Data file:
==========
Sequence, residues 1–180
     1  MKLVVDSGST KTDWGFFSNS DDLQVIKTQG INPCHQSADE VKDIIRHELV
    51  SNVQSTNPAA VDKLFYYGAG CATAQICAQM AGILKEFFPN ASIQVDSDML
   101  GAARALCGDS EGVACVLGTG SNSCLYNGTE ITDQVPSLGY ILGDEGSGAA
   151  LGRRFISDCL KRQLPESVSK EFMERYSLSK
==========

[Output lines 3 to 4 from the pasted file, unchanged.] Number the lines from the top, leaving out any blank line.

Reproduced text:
    51  SNVQSTNPAA VDKLFYYGAG CATAQICAQM AGILKEFFPN ASIQVDSDML
   101  GAARALCGDS EGVACVLGTG SNSCLYNGTE ITDQVPSLGY ILGDEGSGAA